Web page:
'I Can't Say Anything' Ai Weiwei's Release Raises More Questions than Answers
The Chinese artist Ai Weiwei has unexpectedly been released from detention. He told reporters on Thursday that he was well but could not talk about what had happened. His case raises many questions about the motives of the Chinese authorities, but it is clear that they have succeeded in intimidating human rights activists.
The appearance Ai Weiwei made on Thursday morning in front of his studio was a very brief one. The Chinese artist told the waiting journalists that he was well, but that he could not talk about his experiences in recent weeks. The conditions imposed on him by the police prohibited him from doing so, he explained. "I can't say anything, please understand," he said, before disappearing behind the high brick wall around his property. The intelligence officials who usually hang around in front of the studio were not there.
On Wednesday evening, Ai, who is an outspoken critic of the Chinese government, was unexpectedly released from detention. He had to pay bail but did not appear before a judge.
On April 3, police detained Ai at Beijing airport and held him at an undisclosed location. Relatives and lawyers were kept in the dark about Ai's fate for a long time before it was revealed that the authorities were accusing the artist's company, "Fake Cultural Development," of evading taxes on a "large scale."
Beijing police did not follow correct procedures in the case, ignoring deadlines and bending the rules. It is unclear whether such a long period of detention without access to a lawyer is even permissible under Chinese law in the case of an alleged tax offense. At the very least, it seems disproportionate under the circumstances.
On Wednesday, German Chancellor Angela Merkel welcomed Ai's release but said it could only be "a first step." The accusations against Ai had to be investigated "transparently and according to the rule of law," she added. German Foreign Minister Guido Westerwelle described Ai's release as a "huge relief for the artist and his family."
Damaging China's Reputation
The arbitrary arrest sparked worldwide protests and may have damaged the reputation of the Chinese government even more than the 11-year prison sentence handed down to Liu Xiaobo, a philosopher and co-author of the "Charter 08" reform manifesto who went on to win the Nobel Peace Prize. Ai Weiwei, with his signature shaggy beard, has a much higher profile around the world than Liu and is arguably China's most famous living artist. Few people were convinced by the accusations of tax evasion. It seemed more likely that Ai was being punished for being a thorn in the regime's side.
Although Ai is once again being allowed to live at home, that does not mean he is free. A trial against him can be started at any time. Nevertheless, the legal farce raises the question of why the Beijing police suddenly released Ai after three months of treating him like a traitor.
As so often in China, there are no clear answers. One possible explanation is that the investigators failed to collect enough evidence to allow them to obtain a formal arrest warrant and place him directly in pre-trial detention. Admittedly, lack of evidence does not necessarily stop the Chinese authorities from putting someone behind bars. It cannot be ruled out, however, that prosecutors initially refused to press charges against Ai.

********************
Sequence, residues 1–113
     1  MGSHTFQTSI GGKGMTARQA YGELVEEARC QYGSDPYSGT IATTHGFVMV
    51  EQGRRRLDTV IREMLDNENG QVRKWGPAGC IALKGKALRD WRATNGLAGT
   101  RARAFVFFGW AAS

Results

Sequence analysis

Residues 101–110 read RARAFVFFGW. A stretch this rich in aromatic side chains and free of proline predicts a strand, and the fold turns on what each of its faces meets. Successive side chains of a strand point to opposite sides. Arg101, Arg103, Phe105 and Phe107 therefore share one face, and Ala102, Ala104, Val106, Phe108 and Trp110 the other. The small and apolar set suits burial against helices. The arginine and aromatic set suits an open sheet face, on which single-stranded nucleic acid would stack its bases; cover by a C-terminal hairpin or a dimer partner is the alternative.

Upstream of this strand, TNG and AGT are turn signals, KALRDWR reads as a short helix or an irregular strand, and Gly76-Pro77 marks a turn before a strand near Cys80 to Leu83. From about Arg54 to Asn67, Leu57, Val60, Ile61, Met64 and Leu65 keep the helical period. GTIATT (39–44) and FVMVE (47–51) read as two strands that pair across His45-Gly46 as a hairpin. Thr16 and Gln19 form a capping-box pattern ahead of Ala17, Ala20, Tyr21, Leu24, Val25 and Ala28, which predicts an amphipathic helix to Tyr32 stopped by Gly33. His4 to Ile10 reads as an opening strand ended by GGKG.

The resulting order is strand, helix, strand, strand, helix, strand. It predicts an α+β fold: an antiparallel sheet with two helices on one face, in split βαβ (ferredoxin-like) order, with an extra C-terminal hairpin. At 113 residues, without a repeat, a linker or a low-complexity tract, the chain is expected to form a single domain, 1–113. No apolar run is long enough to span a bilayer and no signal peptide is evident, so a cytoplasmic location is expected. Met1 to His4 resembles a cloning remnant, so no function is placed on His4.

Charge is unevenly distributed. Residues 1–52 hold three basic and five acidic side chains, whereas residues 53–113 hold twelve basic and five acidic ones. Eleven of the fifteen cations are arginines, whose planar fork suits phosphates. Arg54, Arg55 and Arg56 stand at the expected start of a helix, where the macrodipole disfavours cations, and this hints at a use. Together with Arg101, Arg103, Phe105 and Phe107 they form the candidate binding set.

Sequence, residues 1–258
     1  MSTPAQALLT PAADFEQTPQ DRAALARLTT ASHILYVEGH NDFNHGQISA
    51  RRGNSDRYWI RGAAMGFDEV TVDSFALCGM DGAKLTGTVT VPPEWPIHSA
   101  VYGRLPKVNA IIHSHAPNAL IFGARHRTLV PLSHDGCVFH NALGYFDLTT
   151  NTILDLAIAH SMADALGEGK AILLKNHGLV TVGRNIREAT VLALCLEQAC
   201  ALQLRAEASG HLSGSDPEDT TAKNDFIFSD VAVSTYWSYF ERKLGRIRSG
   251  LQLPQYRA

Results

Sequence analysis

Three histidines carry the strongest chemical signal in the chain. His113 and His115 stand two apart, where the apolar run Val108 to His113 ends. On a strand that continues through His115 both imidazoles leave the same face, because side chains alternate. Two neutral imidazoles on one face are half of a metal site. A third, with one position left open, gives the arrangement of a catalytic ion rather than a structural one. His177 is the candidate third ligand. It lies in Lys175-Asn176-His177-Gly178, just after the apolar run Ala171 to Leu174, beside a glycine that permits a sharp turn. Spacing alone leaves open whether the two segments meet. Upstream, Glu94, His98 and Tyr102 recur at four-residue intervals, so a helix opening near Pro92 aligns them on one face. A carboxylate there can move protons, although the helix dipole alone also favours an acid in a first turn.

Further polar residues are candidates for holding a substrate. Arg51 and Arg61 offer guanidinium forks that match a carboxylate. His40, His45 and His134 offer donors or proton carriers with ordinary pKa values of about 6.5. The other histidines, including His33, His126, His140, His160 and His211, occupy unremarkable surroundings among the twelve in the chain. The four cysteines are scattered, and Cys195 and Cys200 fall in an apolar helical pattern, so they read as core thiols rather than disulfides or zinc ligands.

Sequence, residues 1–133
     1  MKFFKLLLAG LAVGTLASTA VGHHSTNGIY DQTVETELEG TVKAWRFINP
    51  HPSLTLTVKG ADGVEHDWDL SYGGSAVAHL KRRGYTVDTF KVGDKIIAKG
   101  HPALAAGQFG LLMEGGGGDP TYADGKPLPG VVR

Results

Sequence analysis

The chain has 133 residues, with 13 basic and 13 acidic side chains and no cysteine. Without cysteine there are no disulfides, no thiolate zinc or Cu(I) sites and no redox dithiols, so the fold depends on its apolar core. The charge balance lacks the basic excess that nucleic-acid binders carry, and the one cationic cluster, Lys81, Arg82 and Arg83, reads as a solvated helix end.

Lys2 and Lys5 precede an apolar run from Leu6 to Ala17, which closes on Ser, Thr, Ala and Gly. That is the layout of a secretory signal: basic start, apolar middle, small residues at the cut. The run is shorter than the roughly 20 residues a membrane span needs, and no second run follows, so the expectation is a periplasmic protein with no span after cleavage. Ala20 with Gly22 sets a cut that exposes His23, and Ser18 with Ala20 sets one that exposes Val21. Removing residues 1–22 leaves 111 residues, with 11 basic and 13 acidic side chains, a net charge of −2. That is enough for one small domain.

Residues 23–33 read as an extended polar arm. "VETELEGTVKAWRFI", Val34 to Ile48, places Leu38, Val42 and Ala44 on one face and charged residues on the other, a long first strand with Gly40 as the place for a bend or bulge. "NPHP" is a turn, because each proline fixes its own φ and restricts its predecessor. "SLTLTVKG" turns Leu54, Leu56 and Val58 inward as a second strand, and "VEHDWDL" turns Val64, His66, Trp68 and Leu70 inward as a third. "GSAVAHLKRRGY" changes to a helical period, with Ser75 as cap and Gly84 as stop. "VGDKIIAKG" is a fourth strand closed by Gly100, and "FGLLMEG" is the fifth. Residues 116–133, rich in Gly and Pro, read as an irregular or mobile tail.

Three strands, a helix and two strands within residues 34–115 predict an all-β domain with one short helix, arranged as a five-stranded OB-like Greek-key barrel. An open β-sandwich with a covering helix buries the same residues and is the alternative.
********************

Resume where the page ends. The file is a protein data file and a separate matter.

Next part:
Another possibility is that Chinese Premier Wen Jiabao wants to deflect criticism of human rights abuses in his country ahead of his trip to Europe, which begins this weekend and which will include "political consultations" in Berlin, London and Budapest. This explanation seems unlikely, however, given that China's economic strength has given Beijing enormous self-confidence, allowing it to ignore criticism.
It could also be that Ai is a pawn in a political power game. The Chinese Communist Party will choose a new politburo at its 18th National Congress in 2012. Perhaps hardliners in the communist party, who have tolerated Ai's stunts and criticism for years, wanted to use the artist's arrest to demonstrate how they will deal with nonconformists in the future. It could be that moderate forces, who feel it makes more sense to send Ai into foreign exile or even tolerate him in the country, have prevailed in the meantime.
It cannot be ruled out, either, that the police may soon detain Ai again. It is possible, however, that the prosecutors and Ai have reached a compromise. That might involve the artist paying a certain sum, with the police in return dropping the tax evasion charges or closing the case after a while.
By kidnapping Ai, the Communist Party certainly managed to achieve one thing: It has deeply intimidated human rights activists. Dozens of activists have suffered similar fates to Ai in recent months, being abducted, interrogated or threatened. According to the latest information, the civil rights lawyer Xu Zhiyong has been missing again since Wednesday. Liu Xiaobo's wife, Liu Xia, is still under house arrest. The blind civil rights activist Chen Guangcheng was recently beaten in his own home, according to his wife. Since his release from prison last September, he and his family have been harassed and kept isolated from the outside world.
Supporters of Ai Weiwei will now be hoping that the European politicians who will be hosting Wen -- Hungarian Prime Minister Viktor Orban, British Prime Minister David Cameron and German Chancellor Angela Merkel -- will clearly condemn the actions of the Chinese government instead of being satisfied with the usual empty words.